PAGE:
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Pain Research and Treatment
Volume 2012 (2012), Article ID 937873, 6 pages
http://dx.doi.org/10.1155/2012/937873
Research Article

Affective-Cognitive Behavioral Therapy for Fibromyalgia: A Randomized Controlled Trial

1Department of Psychology, Rutgers University, New Brunswick, NJ 08901, USA
2Department of Psychology, Princeton University, Princeton, NJ 08544, USA
3Department of Psychiatry, UMDNJ—Robert Wood Johnson Medical School, Piscataway, NJ 08854, USA
4University Medical Center at Princeton, Princeton, NJ 08540, USA

Received 30 May 2011; Accepted 8 July 2011

Academic Editor: Chad Boomershine

Copyright © 2012 Robert L. Woolfolk et al. This is an open access article distributed under the Creative Commons Attribution License, which permits unrestricted use, distribution, and reproduction in any medium, provided the original work is properly cited.

Abstract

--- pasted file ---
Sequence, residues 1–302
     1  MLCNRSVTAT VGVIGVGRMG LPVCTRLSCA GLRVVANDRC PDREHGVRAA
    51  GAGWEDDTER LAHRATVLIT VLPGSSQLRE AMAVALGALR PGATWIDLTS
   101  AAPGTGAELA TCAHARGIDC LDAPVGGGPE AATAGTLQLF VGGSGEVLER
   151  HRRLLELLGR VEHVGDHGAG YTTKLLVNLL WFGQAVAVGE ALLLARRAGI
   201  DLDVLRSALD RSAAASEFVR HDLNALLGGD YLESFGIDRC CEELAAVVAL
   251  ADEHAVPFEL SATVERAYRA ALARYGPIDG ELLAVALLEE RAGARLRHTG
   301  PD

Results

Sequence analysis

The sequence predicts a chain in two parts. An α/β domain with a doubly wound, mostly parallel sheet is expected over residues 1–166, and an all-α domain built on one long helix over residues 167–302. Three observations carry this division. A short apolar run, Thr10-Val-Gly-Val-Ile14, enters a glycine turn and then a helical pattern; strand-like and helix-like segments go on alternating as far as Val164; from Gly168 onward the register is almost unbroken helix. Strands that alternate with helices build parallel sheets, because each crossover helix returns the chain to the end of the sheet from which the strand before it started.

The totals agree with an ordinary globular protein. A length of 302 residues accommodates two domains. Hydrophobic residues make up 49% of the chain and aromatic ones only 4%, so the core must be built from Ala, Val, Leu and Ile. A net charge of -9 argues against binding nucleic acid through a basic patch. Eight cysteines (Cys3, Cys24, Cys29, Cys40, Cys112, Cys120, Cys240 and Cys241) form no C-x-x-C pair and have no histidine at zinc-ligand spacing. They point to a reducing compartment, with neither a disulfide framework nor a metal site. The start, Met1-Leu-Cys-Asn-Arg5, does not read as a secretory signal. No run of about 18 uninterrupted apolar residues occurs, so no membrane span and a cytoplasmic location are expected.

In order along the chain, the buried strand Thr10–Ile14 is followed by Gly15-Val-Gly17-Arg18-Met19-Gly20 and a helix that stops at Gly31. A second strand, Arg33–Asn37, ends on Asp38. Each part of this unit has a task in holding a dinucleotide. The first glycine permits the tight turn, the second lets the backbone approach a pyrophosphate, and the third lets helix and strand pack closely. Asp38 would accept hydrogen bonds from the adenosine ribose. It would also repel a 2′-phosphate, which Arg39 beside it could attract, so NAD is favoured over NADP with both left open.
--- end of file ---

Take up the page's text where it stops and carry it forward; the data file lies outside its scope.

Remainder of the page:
A randomized controlled trial was conducted to assess the efficacy of an individually administered form of cognitive behavioral treatment for fibromyalgia. In an additive design, 76 patients diagnosed with fibromyalgia were randomly assigned to either the experimental treatment (affective-cognitive behavioral therapy, 10 individual sessions, one per week) administered concurrently with treatment-as-usual or to an unaugmented treatment-as-usual condition. Statistical analysis conducted at the end of treatment (3 months after the baseline assessment) and at a followup (9 months after the baseline assessment) indicated that the patients receiving the experimental treatment reported less pain and overall better functioning than control patients, both at posttreatment and at followup. The implications of these findings for future research are discussed.